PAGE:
Rare Books Sell For Record Breaking Prices at Dreweatts & Bloomsbury Auctions Two books are believed to have set record auction prices yesterday at Dreweatts & Bloomsbury Auctions’ sale of the Library of a Gentleman.
News-Antique.com - Feb 28,2014 - Rare Books Sell For Record Breaking Prices At Dreweatts & Bloomsbury Auctions
Two books are believed to have set record auction prices yesterday at Dreweatts & Bloomsbury Auctions’ sale of the Library of a Gentleman. One of these was Jacob Christian Schaeffer’s early work on fungi that sold for £24,180. Overall, the single owner collection of natural history books was eagerly received by bidders, with 92% of the 234 lots selling for a total of £400,470.
Rupert Powell, Deputy Chairman of Dreweatts & Bloomsbury Auctions said: “Schaeffer’s work on the fungi is one of the most exceptional; the record breaking price it achieved in the saleroom yesterday reflected the sale as a whole and Dreweatts & Bloomsbury Auctions’ position in the currently buoyant market. We are thrilled with the result.”
The 18th century Fungorum Qui in Bavaria et Palatinatu circa Ratisbonam Nascuntur Icones Natvis Coloribus Expressae was an exceptional third edition set of one of the earliest and best-illustrated works on fungi beautifully bound in a contemporary full red morocco binding. As far as the auction house is aware, it is the highest price achieved for the work, breaking all previous records.[Lot 60]
Schaeffer was a Prussian botanist and zoologist who was elected to the academies in Uppsala and Berlin, and was a Fellow of the Royal Society. Of his extensive publications the Fungorum was one of his most spectacular.
The sale opened with a flurry of bidding on the natural history works and A Monograph of the Trogonidae, of Family of Trogons, by John Gould sold for £22,320 against an estimate of £8,000-12,000, setting the first record price of the important sale. [Lot 7]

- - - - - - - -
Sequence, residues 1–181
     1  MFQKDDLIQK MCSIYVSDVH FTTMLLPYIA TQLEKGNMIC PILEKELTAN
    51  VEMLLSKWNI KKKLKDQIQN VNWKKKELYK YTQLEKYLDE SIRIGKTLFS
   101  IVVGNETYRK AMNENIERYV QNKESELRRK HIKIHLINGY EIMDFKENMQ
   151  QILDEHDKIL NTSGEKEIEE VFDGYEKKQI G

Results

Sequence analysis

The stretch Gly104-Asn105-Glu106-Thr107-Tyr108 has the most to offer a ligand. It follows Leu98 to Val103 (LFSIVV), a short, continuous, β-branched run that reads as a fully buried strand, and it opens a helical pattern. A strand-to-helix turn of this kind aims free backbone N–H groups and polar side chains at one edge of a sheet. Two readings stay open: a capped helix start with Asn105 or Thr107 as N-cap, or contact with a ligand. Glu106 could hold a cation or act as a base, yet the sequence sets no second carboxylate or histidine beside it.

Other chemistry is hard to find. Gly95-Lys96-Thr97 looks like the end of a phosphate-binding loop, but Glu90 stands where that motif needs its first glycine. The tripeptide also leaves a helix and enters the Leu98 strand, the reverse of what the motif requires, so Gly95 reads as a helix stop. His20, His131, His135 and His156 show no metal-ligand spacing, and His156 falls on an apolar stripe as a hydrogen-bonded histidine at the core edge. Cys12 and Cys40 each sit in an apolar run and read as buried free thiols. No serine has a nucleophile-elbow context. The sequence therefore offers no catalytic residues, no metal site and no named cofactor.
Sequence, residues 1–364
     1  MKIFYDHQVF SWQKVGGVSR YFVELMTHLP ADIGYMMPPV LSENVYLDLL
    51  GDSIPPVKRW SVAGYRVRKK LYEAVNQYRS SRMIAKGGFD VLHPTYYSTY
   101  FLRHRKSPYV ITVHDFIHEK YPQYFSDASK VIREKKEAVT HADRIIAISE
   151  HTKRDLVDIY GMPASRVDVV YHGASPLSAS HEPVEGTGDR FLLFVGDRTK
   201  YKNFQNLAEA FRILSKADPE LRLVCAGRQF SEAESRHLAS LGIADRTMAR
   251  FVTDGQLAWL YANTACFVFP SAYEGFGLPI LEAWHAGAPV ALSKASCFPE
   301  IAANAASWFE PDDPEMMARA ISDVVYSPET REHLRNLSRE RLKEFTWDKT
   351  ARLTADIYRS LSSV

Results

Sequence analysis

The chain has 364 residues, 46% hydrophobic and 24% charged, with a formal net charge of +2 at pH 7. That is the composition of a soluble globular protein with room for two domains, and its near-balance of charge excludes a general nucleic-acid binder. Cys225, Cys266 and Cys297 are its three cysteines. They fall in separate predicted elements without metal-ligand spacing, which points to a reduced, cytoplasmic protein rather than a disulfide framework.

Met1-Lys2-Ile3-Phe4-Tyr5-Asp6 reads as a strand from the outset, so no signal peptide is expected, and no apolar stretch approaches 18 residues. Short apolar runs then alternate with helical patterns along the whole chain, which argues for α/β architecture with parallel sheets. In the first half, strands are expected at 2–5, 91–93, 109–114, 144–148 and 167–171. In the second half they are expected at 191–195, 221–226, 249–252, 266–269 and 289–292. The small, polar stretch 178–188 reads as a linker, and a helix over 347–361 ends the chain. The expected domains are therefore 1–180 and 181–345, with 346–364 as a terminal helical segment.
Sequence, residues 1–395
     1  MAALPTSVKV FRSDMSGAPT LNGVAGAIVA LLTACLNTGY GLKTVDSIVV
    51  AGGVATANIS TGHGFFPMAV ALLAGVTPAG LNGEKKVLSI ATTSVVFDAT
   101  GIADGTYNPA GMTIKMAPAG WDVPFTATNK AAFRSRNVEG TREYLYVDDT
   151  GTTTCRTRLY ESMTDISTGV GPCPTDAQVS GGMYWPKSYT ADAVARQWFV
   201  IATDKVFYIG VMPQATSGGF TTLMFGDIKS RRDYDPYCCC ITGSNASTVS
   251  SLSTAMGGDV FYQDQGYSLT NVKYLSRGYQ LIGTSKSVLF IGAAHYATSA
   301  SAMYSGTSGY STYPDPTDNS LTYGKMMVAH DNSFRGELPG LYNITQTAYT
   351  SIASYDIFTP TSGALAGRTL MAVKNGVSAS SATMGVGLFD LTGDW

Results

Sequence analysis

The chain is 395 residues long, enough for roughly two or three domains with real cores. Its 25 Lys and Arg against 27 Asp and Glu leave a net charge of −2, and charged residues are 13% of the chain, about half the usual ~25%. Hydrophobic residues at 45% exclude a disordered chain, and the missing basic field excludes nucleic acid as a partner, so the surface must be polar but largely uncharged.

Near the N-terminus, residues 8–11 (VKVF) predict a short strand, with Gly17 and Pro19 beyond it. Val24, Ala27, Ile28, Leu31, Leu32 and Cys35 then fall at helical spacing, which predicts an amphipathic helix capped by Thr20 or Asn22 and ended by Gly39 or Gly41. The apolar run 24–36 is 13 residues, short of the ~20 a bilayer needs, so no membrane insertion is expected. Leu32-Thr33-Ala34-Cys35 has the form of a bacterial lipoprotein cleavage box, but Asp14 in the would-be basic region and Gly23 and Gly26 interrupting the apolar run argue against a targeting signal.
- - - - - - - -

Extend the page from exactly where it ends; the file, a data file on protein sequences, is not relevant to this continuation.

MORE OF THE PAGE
The revised edition of Gould’s work on the tropical rain-forest birds included 47 fine hand-coloured lithographed plates and 11 new plates not present in the first edition. The name ‘trogon’ is derived from the Greek words for nibbling, in reference to their habit of gnawing into trees to make their nest, as illustrated.
Gould was an influential 19th Century English artist, specialising in ornithology, his observations playing a role in the formation of Darwin’s Theory of Evolution. He published a number of monographs on birds which were illustrated by plates produced by himself and his wife Elizabeth Gould, along with other artists.
Other popular ornithological works included George Edward’s A Natural History of the Uncommon Birds. The 4 volume set of Edward’s extensive and beautifully illustrated survey sold for £13,640. The Fine Bird Books noted in 1990 that: “At the time of issue, the Natural History and Gleanings was one of the most important of all Bird Books, both as a Fine Bird Book and a work of Ornithology. It is still high on each list.” [Lot 6]
The last publication by celebrated palaeontologist James Sowerby, The Mineral Conchology of Great Britain sold for £22,320, topping all his works in the sale. The book was published in parts from 1812-1829 and his son James de Carol Sowerby continued the work in 1822 after his father’s